Housing and Urban Development Secretary Julián Castro addresses the Texas Democratic convention in San Antonio on June 17. (Eric Gay/Associated Press)
Opinion writer

Political conventions are echo chambers designed to generate feelings of invincibility, sending forth the party faithful with a spring in their steps and hope in their hearts. Who would want to be a wet blanket at such moveable feasts?

Steve Munisteri would. Although he calls himself “the eternal optimist,” he respects reality, which nowadays is not conducive to conservatives’ cheerfulness. He served as chairman of the Texas Republican Party from 2010 to 2015 because he discerned “a seismic shift in demographics” that meant his state could “turn Democratic sooner than most people thought.”

The fact that Republicans have won every Texas statewide office since 1994 — the longest such streak in the nation — gives them, he says, “a false sense of security.” In 2000, Republican candidates at the top of the ticket — in statewide races — averaged about 60 percent of the vote. By 2008, they averaged less than 53 percent. And Republican down-ballot winners averaged slightly over 51 percent.

Texas is not wide-open spaces filled with cattle and cotton fields. Actually, it is 84.7 percent urban, making it the 15th-most-urban state. It has four of the nation’s 11 largest cities — Houston, San Antonio, Dallas and Austin. Texas’s growth is in its cities, where Republicans are doing worst.

Dallas has gone from solidly Republican to solidly Democratic. A recent poll showed Harris County (Houston), which is about 69 percent minority, with a majority identifying as Democrats. The San Antonio metropolitan area is about three-quarters minority. Travis County (Austin, seat of the state government, the flagship state university and a burgeoning tech economy attracting young people) voted 60.1 percent for President Obama in 2012.

Housing and Urban Development Secretary Julián Castro is on Democratic presidential candidate Hillary Clinton's short list of potential vice presidential candidates. Here's what you need to know about him. (Sarah Parnass,Osman Malik/The Washington Post)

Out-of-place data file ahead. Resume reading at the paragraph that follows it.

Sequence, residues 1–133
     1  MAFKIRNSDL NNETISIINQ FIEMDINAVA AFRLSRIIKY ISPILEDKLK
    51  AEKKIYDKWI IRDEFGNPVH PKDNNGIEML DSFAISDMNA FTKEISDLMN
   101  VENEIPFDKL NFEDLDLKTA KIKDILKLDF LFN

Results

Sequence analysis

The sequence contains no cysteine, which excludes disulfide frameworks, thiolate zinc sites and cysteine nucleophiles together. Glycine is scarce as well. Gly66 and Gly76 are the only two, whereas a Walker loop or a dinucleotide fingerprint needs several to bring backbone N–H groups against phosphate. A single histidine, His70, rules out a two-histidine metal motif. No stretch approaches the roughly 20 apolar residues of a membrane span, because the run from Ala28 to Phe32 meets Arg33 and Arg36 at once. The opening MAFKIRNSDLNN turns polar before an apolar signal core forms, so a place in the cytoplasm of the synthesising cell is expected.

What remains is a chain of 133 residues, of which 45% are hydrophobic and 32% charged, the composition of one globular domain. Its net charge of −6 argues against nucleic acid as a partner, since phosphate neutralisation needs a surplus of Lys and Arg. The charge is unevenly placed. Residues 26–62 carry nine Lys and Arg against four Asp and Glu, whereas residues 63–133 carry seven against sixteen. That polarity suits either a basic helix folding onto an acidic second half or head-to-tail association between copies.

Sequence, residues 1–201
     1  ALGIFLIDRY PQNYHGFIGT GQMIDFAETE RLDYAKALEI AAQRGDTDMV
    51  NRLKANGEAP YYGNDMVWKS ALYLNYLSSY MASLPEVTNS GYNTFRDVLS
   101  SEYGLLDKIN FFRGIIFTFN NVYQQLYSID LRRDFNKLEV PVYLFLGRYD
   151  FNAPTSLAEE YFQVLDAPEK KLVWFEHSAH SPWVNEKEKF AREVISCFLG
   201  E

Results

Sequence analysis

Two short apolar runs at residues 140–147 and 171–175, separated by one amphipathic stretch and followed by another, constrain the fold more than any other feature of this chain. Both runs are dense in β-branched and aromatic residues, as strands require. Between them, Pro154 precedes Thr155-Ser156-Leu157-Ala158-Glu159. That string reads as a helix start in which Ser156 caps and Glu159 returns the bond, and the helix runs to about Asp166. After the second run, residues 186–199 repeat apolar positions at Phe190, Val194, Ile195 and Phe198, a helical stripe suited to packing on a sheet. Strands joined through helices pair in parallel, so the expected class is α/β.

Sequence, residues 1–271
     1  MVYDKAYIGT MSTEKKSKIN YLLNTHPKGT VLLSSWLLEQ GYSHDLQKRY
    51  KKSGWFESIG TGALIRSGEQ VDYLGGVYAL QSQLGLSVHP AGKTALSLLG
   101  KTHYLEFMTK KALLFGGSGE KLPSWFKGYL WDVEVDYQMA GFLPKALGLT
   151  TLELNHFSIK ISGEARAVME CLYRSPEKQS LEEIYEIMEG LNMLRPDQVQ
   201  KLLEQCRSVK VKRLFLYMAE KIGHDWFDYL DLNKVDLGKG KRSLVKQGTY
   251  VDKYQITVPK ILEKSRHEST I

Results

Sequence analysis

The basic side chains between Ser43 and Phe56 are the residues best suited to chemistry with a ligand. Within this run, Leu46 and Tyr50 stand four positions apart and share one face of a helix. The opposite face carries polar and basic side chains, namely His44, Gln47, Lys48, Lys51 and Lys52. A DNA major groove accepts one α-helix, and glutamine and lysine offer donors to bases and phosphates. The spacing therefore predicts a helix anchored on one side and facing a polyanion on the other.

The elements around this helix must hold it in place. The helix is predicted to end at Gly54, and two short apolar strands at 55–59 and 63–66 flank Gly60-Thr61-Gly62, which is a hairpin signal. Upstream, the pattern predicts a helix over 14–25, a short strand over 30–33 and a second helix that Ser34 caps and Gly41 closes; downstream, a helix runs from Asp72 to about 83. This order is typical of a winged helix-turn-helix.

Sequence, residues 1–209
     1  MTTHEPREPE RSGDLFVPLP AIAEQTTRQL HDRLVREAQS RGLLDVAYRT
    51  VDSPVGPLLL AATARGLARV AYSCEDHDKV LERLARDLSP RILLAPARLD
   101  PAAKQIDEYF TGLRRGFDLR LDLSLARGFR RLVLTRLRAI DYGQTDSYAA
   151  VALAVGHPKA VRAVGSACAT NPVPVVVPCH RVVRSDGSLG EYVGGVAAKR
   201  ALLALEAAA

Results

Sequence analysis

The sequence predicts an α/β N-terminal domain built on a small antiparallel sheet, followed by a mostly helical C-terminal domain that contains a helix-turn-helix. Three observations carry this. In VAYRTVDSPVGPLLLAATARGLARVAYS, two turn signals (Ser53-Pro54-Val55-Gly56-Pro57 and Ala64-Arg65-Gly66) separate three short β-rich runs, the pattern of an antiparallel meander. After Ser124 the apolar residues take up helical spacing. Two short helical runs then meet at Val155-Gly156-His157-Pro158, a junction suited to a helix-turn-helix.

Asian Americans, Texas’s fastest-growing minority by percentage, were about 3 percent of Texans in 2000 and about 4 percent in 2010. They are projected to be more than 8 percent in 2040.

In the 2014 gubernatorial election, Hispanics were 25 percent of Texas’s registered voters but only 19 percent of turnout. Two years later, Hispanics are 29 percent of registered voters. Now, suppose the person at the top of a Republican national ticket gives Hispanics the motivation to be, say, 25 percent of turnout. Although it is, Munisteri says, “theoretically possible” for Texas Republicans to win by increasing the white vote, this “political segregation” is, aside from being morally repulsive, politically “a sure-fire long-term losing proposition.”

The “blue wall” — the 18 states and the District of Columbia that have voted Democratic in at least six consecutive presidential elections — today has 242 electoral votes. Texas, which is not a brick in this wall, has 38 electoral votes. After the 2020 Census, it probably will have 40, perhaps 41. Were Texas to become another blue brick, the wall — even if the 2020 Census subtracted a few electoral votes from the current 18 states — would have more than the 270 votes needed to elect a president.

Since 1994, when it passed New York (which has now sunk below Florida to fourth place), Texas has been the nation’s second-most-populous state. Munisteri notes that it is the Republican Party’s only large “anchor state.” The Democratic Party has two — California and New York, with a combined 84 electoral votes. Or three, if you count Illinois (20 electoral votes), which in the past four presidential elections has voted Democratic by an average of slightly more than 16 points.

Munisteri’s conservative credentials are unassailable. He was a precociously conservative teenager — a member of Young Americans for Freedom in high school in 1976 — when Ronald Reagan was trying to wrest the Republican nomination from President Gerald Ford. Munisteri, now working with the Republican National Committee, became a Reagan volunteer and had an exhilarating experience: Reagan, having lost eight of the first nine primaries, revived his candidacy by winning all of Texas’s 100 convention delegates.

Munisteri’s politically formative years were the conservative movement’s salad days — the late 1970s and the 1980s, when many conservatives acquired a serene certainty that this is and always will be a center-right country. Munisteri, however, is “a numbers guy,” so serenity is illusive.

He notes that beginning with Franklin Roosevelt’s first victory in 1932, Democrats won seven of nine presidential elections, and if they had succeeded in their effort to enlist Dwight Eisenhower as a Democrat, they probably would have won nine in a row. Trends can be reversed, but until they are, Republicans risk protracted losing in a center-left country, which America now is, and in a purple Texas, which soon could be.

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